By Molly Robinson Kelly /// Faculty Advisor
Have you ever been in a waiting room, or a vacation rental house, and found yourself bored enough to set to work on one of the bedraggled jigsaw puzzles so often left in such places? You dump the pieces out and start with something identifiable: an edge, a tree, a leg. The concave curves of one piece fit into the convex bulges of another, and slowly, the pieces connect to one another and start to form an image like the one on the box cover. You pick up speed; connections get easier as the number of remaining pieces grows smaller. As you go along, however, you find one mysterious piece. It appears to belong to the puzzle, but its contours don’t fit into any of the other pieces. You turn it this way and that, try to press it together with its brethren, but its curves and bulge are always too big, or too small. Eventually, you get called away and you leave the puzzle, its unruly outlier piece lying questioningly alongside its orderly companions.
Do you ever feel like this puzzle piece? If you do, paradoxically, you are probably not alone. In the almost 11 years I’ve been at Lewis and Clark, faculty, administrators, and students alike have been puzzling about community. Community as in, that thing we wished we had but (alas!) seem to feel we don’t. We hear that some students, faculty and staff leave LC because it lacks a sense of community. It would seem that we come to LC hoping to feel a connection to others who have also chosen to be here, but we often fail to find it. We might attribute this failing to ourselves (I don’t fit in!) or to others (these people are not like me!); to destiny, or “the Administration,” or the weather, but however we explain it, the rough edges of our being don’t join comfortably with others. We would like to be part of the larger group that people call “the LC community,” but we just can’t manage to find it or, more importantly perhaps, to feel it.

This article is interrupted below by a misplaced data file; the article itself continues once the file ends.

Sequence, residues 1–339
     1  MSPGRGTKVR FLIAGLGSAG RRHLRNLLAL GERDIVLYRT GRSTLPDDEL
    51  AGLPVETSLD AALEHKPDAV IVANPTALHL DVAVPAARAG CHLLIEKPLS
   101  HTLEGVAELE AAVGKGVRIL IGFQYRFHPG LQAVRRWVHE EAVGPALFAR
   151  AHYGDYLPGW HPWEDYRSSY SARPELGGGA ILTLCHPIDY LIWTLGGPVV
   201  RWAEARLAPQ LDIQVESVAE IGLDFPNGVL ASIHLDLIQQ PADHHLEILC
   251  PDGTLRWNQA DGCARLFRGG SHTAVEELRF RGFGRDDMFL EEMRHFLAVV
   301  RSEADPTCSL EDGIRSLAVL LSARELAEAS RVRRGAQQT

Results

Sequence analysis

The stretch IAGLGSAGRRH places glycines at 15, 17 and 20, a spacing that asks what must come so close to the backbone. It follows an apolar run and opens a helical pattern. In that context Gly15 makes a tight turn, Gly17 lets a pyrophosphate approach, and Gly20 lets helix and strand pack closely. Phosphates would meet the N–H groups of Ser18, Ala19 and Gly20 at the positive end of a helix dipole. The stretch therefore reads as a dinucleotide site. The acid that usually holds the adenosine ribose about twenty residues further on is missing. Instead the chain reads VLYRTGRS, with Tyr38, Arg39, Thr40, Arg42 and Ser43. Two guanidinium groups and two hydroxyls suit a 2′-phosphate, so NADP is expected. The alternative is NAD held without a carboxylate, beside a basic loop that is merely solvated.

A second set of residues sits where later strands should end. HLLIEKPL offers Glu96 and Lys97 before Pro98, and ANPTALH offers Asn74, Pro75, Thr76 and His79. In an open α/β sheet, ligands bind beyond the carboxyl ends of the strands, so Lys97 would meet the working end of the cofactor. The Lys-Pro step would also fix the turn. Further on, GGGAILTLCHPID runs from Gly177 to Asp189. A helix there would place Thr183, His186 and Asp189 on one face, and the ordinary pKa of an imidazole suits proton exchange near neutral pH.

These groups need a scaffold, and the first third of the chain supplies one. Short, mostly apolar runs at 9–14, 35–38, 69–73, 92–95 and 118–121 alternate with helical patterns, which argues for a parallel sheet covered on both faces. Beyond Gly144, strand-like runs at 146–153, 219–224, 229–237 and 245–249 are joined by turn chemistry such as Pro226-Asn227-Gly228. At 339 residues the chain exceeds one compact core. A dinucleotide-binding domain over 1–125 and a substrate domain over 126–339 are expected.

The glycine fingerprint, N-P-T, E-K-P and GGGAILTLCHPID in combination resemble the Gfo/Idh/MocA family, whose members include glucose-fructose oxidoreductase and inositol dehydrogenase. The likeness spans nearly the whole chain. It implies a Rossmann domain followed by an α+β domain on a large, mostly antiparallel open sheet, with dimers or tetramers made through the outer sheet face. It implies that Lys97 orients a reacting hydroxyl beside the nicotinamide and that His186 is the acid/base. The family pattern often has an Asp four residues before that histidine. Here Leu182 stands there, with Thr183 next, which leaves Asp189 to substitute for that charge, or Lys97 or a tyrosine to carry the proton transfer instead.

I came to LC after spending time at three institutions (Princeton, Bryn Mawr, University of Alabama) that did not seem troubled by lack of community. Students were proud to be there, to wear the gear, to paint themselves in school colors for games, and especially to participate in the myriad traditions they saw themselves as inheriting from a long and worthy line of forebears. At LC, it was different. Students didn’t seem particularly attached to Lewis and Clark. They were focused on the wider world, which they intended to change. They liked this little place on the hill of trees. They just didn’t give it much thought, so intent were they on their interests and plans. If there was a Lewis and Clark student identity, it was well hidden.
It wasn’t until I had taught at LC for a few years that I perceived traits shared by so many of my students that I began to see them as part of the LC identity. For starters, LC students are incredibly creative. If I want to spice up my classes, all I have to do is ask my students to do something creative and talk about it. Creative endeavors light them up, visibly. They define creativity broadly—cooking, skiing, translating, knitting, photography, wood engraving, and tapestry have all come up in my classes, alongside the more expected writing, music, and theater—but they all know already that creativity adds something good to their lives.